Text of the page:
- Written by Ken Alpern
19 Oct 2012
POLITICS - There’s a reason (well, a lot of reasons, but one BIG reason) why both the liberal editorial board of the LA Times and the conservative editorial boards of the LA Breeze, LA Daily News, Long Beach Independent Press Telegram, and San Gabriel Valley Tribune all SUPPORT Measure J: it ensures that planned and vetted transportation projects will be built within our lifetimes.
Not just more talk and meetings—construction and implementation before our very eyes. Not fantasy and hot air, but reality. The only ones opposing Measure J are either obsessed with agendas that are opposed to Metro’s decades-overdue freeway, road and rail transportation projects, unrealistically want more money for projects that have already been assigned a fixed budget, or are just plain misinformed.
So what does Measure J really stand for?
M: Makes LA County a 21st Century economy worthy of modern businesses and tourism. Despite some of the business-unfriendly regulations that the City of LA promotes, the county overall is attracting businesses from the health care, media, tech and other sectors, and the construction jobs of Measure R (which will be virtually doubled or more should Measure J pass) are but a fraction compared to the jobs created by the enhanced business creation established by these projects.
E: Every portion of LA County benefits. Measure R focused on geographic sectors, and ensured that money allocations to each sector would be roughly equal. But a critical part of Measure J—the Fasana Amendment, named after San Gabriel Valley Metro Boardmember John Fasana—ensured that money from one sector couldn’t be stolen by another. The Wilshire Subway, for example, cannot swallow other rail or freeway projects’ funding from other regions.
A: Assurance money will be spent on planned, vetted projects. Measures R and J are predicated on a time-consuming, legally-binding and meticulous planning process that is an agreement between Metro (our county transportation planning, funding and construction agency) and the federal government. Metro has a Constrained Plan (short-term, funded projects) from which it cannot deviate, as well as a Strategic Plan (long-term, unfunded projects) that cannot be implemented until the Constrained Plan projects are funded and are ensured of being built. There CANNOT be any Metro money grab for ill-advised, impulsive projects.
S: Sidewalks, road repair and transit operational funding is dedicated by Measures R and J to each city for present and future use. Want to increase the funding for alley, sidewalk and road repair? Measure J will allow the long backlog of repairs to be shortened by decades.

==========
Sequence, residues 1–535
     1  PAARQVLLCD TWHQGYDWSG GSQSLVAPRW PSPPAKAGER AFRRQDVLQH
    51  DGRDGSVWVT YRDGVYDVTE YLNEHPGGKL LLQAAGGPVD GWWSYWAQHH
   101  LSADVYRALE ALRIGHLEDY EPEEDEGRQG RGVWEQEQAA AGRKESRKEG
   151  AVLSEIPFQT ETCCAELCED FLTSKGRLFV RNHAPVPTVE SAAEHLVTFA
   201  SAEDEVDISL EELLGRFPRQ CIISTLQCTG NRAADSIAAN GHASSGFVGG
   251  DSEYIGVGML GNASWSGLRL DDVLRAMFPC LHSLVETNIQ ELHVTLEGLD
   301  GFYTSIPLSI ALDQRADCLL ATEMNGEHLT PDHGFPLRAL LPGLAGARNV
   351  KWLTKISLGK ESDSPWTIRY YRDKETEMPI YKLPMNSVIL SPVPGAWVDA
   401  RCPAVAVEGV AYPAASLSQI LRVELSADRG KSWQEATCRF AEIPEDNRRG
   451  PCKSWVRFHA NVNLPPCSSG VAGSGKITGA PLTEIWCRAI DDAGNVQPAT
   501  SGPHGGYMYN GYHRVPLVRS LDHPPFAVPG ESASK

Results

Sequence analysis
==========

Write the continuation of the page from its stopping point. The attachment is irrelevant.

U: Unfetters the limitations of Measure R. There’s no question that there are a few turkeys out there on the Metro Constrained and Strategic Plans, and there’s no question that the pace of Measure R to fund its freeway/rail projects is agonizingly decades-long for projects that (when built) will last a century or longer. Want to kill the ill-advised Pasadena 710 freeway tunnel and throw that money to extending the Foothill Gold Line to Azusa, and expediting the critical Alameda Corridor East freight train rail corridor to get thousands of trucks off the freeways? Measure J and its Fasana Amendment does that, too.
R: Ready-to-build (“shovel ready”) Measure R projects can be funded immediately from future sales tax revenues to get them built NOW if Measure J passes. Our children will have future access to other, previous sales tax revenue sources (Measures A and C) when they are done paying off existing projects so Measure J doesn’t rob them of their future needs, and our children will benefit from every freeway and rail project built by Measure R—getting Measure R projects built within our lifetime also ensures benefits to future generations.
E: Extends our current sales tax to 2069, and does NOT raise current taxes. Measure J not only expedites our current Measure R projects (the Constrained Metro Plan), but allows us to plan for the future…beyond Measure R. Want to create a MetroRail/LAX rail line that goes from the South Bay to the airport to the Westside and even the San Fernando Valley, like the Westside Mobility Plan is studying? Want more freeway and road projects? Pass Measure J!
And, of course, there’s what “J” stands for:
Measure J: J as in Jumpstart! Jumpstart our short- and long-term economy. Jumpstart the transportation projects we’ve been debating and talking about for 50-100 years.
Jumpstart an enhanced mobility, environment and quality of life that our children and grandchildren will thank us for, and jumpstart a 21st Century LA County that is again an example of what the rest of the nation ought to be.
See Editorials here:
● LA Times
● San Gabriel Valley Tribune
Vol 10 Issue 84
Pub: Oct 19, 2012